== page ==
Trim the regulation, guide slowpokes, and EU eID might yet rise — think tank
A European tech think tank says there are some things to like in each of several digital identity proposals the European Union published this summer for comments. The organization is worried, however, about the possibility of over-regulation.
The EU since 2014 has tried to light a fire under the idea of cross-border electronic ID system developed by and managed in each member nation. It has met with limited success. Just 15 of 27 nations in the EU offer such IDs.
EU leaders want digital ID that makes it safer and easier to use online services anywhere within the union. A successful eID system also would put personal data and privacy control in the hands of digital ID holders.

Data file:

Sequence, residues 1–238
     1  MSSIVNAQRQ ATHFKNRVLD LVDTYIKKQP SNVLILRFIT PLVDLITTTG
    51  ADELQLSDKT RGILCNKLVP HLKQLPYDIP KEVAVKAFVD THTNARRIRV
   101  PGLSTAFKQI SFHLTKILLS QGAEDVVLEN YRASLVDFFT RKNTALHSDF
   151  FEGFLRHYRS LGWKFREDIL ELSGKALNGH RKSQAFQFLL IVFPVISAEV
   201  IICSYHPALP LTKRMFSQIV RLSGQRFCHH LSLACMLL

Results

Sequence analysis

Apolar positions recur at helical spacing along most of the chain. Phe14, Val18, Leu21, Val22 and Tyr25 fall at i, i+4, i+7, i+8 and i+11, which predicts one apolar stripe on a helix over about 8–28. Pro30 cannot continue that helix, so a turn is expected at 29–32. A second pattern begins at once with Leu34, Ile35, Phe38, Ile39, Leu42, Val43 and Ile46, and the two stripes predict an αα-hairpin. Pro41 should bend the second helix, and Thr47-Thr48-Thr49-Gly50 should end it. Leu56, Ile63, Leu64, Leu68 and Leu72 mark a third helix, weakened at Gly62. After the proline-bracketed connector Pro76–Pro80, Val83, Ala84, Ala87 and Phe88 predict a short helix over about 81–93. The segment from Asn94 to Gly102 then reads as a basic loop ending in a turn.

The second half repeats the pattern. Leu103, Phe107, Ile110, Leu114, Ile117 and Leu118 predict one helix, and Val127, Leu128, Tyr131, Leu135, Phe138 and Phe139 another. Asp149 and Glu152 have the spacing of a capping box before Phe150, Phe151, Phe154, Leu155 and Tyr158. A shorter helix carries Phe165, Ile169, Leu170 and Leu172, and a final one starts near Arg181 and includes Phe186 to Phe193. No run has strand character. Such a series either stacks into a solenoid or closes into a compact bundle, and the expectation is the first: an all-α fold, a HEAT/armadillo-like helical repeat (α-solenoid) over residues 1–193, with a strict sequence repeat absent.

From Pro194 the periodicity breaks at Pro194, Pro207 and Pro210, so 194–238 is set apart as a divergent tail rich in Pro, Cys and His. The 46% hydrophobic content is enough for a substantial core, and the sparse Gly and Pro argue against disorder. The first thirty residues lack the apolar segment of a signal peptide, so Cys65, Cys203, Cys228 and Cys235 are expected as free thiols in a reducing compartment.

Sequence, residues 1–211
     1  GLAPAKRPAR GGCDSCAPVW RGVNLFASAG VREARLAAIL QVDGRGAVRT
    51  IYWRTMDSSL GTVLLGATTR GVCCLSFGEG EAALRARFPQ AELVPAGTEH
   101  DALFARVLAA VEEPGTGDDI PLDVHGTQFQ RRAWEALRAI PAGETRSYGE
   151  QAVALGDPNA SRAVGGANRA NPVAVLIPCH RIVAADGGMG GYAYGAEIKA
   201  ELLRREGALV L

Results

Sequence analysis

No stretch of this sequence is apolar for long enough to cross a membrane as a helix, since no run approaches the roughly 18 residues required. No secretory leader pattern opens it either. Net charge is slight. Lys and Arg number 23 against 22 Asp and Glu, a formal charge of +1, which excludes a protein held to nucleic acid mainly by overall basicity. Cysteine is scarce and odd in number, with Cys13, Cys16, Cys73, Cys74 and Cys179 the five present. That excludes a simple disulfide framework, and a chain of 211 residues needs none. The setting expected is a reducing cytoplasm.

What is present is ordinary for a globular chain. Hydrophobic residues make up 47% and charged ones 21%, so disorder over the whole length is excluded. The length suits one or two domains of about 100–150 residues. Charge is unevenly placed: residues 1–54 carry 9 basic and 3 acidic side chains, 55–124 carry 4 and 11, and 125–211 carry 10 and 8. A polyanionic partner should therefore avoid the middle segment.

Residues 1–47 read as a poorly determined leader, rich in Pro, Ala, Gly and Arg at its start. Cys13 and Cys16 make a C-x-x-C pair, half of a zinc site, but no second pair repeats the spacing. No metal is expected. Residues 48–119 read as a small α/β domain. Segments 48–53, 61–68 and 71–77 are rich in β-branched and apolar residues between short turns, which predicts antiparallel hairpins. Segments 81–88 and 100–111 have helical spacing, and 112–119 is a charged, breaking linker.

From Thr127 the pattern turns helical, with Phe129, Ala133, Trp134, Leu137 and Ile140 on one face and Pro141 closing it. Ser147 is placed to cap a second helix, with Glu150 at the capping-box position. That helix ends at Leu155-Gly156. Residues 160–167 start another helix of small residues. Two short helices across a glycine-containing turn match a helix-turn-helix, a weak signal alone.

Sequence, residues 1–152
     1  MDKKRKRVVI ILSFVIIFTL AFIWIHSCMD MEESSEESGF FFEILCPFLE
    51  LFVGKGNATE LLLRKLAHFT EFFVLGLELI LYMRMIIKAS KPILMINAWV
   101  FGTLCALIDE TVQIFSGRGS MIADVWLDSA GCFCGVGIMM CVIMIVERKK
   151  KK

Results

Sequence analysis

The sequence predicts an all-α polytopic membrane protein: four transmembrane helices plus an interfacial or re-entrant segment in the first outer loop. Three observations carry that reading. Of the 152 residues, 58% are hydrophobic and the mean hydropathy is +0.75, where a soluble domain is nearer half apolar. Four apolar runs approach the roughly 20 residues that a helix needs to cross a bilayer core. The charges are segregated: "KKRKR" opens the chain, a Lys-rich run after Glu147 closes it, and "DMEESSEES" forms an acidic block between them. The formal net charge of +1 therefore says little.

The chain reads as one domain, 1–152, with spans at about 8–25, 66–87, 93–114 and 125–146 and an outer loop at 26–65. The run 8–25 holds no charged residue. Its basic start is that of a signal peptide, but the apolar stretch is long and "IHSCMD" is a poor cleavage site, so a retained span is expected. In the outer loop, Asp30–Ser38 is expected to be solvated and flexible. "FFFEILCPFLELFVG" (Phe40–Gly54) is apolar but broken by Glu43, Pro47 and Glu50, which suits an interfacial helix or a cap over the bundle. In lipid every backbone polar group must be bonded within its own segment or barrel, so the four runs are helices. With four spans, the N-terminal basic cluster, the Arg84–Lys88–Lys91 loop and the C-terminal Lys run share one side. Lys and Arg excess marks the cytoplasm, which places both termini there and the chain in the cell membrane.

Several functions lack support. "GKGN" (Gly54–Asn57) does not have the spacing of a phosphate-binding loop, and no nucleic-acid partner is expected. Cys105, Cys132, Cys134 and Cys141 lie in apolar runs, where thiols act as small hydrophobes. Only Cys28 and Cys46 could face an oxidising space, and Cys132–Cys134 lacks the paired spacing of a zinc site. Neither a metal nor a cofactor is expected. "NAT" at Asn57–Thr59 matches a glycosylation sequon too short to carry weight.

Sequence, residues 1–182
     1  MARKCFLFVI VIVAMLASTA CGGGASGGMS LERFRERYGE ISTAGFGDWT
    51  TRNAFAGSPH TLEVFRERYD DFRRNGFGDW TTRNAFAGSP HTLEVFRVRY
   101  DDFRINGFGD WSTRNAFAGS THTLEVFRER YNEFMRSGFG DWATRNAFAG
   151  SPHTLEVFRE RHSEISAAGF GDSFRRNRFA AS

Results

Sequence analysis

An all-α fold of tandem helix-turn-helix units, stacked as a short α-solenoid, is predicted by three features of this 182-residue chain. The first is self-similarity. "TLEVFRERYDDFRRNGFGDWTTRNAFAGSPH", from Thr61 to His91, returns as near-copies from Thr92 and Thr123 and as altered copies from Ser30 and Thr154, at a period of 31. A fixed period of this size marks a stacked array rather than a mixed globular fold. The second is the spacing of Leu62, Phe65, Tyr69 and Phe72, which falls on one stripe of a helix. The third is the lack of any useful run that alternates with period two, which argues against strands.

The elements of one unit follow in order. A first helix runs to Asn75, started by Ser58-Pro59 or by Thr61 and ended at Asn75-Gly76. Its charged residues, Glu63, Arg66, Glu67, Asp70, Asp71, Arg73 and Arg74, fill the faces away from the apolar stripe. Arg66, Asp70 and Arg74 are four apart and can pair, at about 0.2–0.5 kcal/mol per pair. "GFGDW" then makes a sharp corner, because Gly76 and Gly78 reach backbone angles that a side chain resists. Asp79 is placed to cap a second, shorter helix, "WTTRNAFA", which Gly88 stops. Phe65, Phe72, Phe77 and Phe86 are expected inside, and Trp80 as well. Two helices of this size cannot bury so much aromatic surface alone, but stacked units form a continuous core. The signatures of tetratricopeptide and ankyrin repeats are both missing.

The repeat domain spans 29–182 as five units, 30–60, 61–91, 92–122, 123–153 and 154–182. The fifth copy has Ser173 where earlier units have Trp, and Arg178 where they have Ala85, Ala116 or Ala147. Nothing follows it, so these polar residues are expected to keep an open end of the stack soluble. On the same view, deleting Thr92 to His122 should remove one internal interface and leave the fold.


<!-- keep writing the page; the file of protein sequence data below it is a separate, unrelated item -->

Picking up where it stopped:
Executives with the non-partisan think tank the Center for Data Innovation has responded, saying portions of each option can be combined to form a better, combined proposal.
First, assuming that at least some holdouts need help getting their hands around the complex and momentous project, the center recommends creating guidelines for ensuring the quality, security and interoperability of their part of the system.
Also, EU regulation of ID and authentication services should allow private enterprises to use government-issued electronic IDs, and to market electronic trust services that identify devices. Along the same vein, center leaders have advised that no further data-protection regulation, as the General Data Protection Regulation is in place and addresses these matters.
And last, the center cautions EU leaders that it is possible that not all 27 nations will join in making their own interoperable electronic IDs a reality.
For residents in those countries, a regional EUid should be available to any resident in the cross-national body. The regional economic benefits of secure electronic IDs is too great to have some citizens shut out due to decisions by their home countries.